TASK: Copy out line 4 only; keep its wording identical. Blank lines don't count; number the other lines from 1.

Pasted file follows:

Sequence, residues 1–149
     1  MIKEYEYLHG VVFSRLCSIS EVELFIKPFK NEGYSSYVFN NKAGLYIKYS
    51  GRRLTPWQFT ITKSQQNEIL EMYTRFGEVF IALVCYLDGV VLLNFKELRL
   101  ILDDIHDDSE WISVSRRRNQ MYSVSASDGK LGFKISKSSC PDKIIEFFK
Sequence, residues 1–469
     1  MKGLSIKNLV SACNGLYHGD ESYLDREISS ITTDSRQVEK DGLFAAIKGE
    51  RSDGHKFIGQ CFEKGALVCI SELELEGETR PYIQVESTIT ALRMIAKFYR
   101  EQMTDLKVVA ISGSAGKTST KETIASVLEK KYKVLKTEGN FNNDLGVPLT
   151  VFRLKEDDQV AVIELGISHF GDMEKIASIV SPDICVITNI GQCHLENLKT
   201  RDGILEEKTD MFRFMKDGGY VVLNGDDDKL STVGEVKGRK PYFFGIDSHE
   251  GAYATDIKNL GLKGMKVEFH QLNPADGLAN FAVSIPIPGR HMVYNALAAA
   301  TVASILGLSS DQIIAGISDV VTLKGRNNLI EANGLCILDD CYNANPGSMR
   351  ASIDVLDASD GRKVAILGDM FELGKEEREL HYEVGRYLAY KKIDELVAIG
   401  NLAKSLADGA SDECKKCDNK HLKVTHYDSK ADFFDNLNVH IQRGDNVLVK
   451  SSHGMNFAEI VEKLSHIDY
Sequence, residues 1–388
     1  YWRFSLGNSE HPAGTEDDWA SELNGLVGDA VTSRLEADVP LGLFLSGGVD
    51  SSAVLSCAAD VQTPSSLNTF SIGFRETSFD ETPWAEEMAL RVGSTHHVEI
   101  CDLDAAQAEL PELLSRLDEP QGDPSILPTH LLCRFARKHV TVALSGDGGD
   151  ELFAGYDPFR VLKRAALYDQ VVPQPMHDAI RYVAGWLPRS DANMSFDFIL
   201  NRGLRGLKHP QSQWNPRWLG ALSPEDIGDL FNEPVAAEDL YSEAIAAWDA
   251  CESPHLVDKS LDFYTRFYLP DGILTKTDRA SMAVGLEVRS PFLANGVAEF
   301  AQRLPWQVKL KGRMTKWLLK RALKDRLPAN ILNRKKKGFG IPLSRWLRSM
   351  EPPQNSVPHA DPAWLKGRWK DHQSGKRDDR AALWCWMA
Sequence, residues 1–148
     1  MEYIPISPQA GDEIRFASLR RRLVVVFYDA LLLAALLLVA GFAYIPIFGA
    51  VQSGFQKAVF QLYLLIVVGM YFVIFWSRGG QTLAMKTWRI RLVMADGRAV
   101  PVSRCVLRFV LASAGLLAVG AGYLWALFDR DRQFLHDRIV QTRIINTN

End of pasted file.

   101  ILDDIHDDSE WISVSRRRNQ MYSVSASDGK LGFKISKSSC PDKIIEFFK